Ask any Haitian, here or there, ask them and they will all tell you the same tale.  We want safe streets and electricity around the clock.  We want schools for our children and we want jobs.  We know what we want, that is easy, all we have to do is look at what we do not have.  People are endowed with unalienable rights no matter their color, creed or culture.  Human beings want pretty much the same thing; the possibility to develop and acquire wealth and the proper environment to grow and prosper.  When for centuries, the means of production and all their benefits have been monopolized by the same group, it ensues a distortion so profound that the very core of society is broken and bent, sometimes beyond repair.

If our goals are basic, how to attain them is quite complicated because it involves shaking and dismantling a system and a way of life.  How do we topple a system when those who benefit from it hold on to the reigns with all their power and might?  Is it an impossible task?  I have hope but we must begin somewhere and we must begin soon.  The earthquake of 2010 taught us one valuable lesson, in the face of tragedy we can come together regardless of social position or lack there of.  Those pieces of concrete did not discriminate on the basis of color, gender or wealth, they struck mercilessly and took hundreds of thousands of our precious lives.

Well, Haiti today is a tragedy, and it commands our unity for a common purpose.  The time to act is now in order for future generations to have better than what we have.  In the history of every people, there are times for struggle and chaos, there are times for building and there are times for prosperity.  We have done and redone struggle and chaos, we have perfected the art of destroying one another; perhaps it is time to think about nation building which is inextricably linked with establishing the rule of law and educating the youth.  Let us then begin with the arduous task of finding responsible leadership that will make space for competence, knowledge and integrity which will lead to effective and efficient policy-making.  I believe it is possible.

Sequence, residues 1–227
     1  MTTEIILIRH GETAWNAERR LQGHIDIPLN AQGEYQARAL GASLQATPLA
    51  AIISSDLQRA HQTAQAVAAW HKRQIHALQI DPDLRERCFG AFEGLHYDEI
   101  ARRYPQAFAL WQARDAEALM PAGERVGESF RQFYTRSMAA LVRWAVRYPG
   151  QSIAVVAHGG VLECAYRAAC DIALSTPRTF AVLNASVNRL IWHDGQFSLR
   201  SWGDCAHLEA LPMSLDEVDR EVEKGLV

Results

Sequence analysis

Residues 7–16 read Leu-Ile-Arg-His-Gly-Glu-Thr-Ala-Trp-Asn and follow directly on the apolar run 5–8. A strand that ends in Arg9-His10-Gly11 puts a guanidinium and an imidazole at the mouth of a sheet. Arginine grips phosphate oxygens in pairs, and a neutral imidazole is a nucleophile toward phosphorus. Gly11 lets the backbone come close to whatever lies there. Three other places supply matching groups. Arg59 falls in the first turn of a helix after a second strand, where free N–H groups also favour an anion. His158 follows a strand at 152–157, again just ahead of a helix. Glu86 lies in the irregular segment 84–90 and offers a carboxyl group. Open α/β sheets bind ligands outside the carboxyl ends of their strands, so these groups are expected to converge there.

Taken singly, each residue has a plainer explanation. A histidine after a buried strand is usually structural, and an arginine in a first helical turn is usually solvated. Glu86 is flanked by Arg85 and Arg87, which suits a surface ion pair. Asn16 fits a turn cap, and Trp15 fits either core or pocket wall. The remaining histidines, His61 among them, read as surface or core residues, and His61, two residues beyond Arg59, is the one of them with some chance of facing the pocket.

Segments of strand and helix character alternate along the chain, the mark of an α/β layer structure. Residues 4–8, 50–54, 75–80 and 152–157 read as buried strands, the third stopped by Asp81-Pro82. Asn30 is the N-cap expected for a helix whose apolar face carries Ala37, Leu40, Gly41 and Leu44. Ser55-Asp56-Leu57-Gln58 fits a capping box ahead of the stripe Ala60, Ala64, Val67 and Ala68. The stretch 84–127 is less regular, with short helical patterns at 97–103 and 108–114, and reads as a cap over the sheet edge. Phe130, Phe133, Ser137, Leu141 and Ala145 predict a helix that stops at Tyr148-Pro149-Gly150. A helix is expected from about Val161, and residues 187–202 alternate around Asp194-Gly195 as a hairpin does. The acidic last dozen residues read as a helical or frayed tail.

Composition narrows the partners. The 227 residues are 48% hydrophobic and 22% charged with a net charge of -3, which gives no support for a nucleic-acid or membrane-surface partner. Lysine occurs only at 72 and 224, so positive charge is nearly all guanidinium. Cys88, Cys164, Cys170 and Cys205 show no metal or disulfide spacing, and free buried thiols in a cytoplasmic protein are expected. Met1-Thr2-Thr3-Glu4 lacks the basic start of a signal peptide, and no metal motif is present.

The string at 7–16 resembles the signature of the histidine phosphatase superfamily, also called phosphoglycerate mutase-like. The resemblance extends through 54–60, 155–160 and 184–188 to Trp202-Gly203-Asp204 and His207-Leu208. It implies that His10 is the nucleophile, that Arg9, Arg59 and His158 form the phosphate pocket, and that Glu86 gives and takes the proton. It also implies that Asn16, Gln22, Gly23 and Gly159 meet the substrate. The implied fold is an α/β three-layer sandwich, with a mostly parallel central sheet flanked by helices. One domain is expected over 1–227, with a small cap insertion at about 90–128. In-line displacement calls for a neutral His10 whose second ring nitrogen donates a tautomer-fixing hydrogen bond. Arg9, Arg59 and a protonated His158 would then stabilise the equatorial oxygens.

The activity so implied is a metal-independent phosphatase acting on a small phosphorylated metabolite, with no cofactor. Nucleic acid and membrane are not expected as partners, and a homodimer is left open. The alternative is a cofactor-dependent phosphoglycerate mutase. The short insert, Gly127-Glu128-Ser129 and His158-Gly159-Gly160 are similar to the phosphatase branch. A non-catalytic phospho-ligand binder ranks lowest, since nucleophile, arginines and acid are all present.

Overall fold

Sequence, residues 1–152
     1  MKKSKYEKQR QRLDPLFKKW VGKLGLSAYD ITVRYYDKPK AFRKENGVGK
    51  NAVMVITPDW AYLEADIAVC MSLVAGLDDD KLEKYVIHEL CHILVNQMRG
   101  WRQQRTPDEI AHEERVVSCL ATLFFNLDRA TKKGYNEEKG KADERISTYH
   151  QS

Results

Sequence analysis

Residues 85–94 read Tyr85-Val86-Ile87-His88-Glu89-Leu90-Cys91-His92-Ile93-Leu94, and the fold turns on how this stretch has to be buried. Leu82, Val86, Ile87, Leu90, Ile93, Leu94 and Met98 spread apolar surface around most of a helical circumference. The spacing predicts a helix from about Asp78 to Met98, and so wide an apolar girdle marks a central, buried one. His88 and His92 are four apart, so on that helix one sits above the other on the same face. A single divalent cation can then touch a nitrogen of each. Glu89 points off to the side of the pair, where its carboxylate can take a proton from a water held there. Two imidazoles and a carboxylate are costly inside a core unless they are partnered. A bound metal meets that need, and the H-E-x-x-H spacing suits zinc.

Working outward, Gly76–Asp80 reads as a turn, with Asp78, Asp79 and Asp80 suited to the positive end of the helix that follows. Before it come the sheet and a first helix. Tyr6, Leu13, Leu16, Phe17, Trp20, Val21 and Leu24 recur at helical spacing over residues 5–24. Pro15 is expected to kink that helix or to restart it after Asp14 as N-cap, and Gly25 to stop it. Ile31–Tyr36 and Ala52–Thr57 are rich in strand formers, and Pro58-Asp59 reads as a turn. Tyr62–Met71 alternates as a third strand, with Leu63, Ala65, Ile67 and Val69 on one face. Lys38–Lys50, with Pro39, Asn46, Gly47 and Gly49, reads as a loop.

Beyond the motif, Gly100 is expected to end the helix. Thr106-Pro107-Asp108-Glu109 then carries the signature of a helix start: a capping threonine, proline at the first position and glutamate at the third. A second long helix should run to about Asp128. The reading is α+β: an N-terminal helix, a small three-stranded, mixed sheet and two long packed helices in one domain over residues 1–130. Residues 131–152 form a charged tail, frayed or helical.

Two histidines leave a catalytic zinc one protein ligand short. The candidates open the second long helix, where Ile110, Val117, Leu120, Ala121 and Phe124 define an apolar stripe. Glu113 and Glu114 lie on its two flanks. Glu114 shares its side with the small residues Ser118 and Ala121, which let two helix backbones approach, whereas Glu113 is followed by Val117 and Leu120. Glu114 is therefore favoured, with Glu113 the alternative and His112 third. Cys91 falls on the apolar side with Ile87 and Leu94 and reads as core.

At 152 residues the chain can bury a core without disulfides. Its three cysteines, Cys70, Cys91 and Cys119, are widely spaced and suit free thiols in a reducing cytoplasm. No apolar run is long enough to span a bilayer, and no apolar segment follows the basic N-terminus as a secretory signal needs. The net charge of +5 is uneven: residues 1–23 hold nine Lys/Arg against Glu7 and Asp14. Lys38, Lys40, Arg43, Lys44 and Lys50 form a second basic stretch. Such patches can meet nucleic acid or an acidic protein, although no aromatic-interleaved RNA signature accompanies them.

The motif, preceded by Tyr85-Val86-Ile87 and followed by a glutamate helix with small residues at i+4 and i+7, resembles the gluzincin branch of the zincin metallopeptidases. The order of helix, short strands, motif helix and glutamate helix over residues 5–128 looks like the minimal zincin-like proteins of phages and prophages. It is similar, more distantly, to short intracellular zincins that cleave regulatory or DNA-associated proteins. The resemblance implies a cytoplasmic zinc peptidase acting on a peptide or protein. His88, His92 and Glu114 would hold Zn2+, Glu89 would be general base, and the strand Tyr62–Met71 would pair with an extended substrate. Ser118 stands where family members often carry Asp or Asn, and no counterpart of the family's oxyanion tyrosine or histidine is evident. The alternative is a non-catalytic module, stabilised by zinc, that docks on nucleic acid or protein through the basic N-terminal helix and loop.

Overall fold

Cassandra Honorat

April 30, 2012

cashon1604@hotmail.com

Haiti: The Senate Vs President Martelly

In Port-au-Prince, Haiti, two wrongs make a right.  Yesterday, amidst the usual rumor ridden atmosphere, that has characterized Haitian politics for a long time, President Martelly announced a press conference for 4pm.  He would be accompanied, we were told, by members of the Diplomatic Corp, among them, possibly the American ambassador to Haiti and the Papal Nuncio.  The purpose of this was to, once in for all, bring light to the controversies around the president’s alleged dual citizenship.  Shortly before, three senators, Buissereth, Lambert and Latortue, now die-hard fans of President Martelly, earned their own little place in the spotlight by announcing that they had resigned from the Senate Committee in charge of the investigation.  In his interview, Senator Lambert predicted a “kouri” (creole word for panic) in the hours that followed.  Needless to say that, after the small earthquake of the previous night, the population with nerves already weakened indeed fell prey to the “panic” and in a matter of seconds the capital had been turned into a state of uncontrollable frenzy.  It appears that reason and logic continue to evade us as a society and we still desperately await the leadership that will bring on real change.

If the accusations of Senator Moise Jean-Charles provoked a senate investigation, the way   it was handled is at best embarrassing.  The committee did not proceed with professionalism, gave in to propaganda, casually accepted any evidence, did not distance itself from manipulation nor did it denounce the attempt to bring into this prestigious body a falsified document.  As a result, many were inclined to dismissing these allegations; others still wanted the president to end the folly and to put all questions to rest.  That press conference could have been a God sent, though a little late, would have still been welcomed by those who have Haiti’s interests at heart and who are eager to see all branches of Government really hard at work to bring about much-needed change.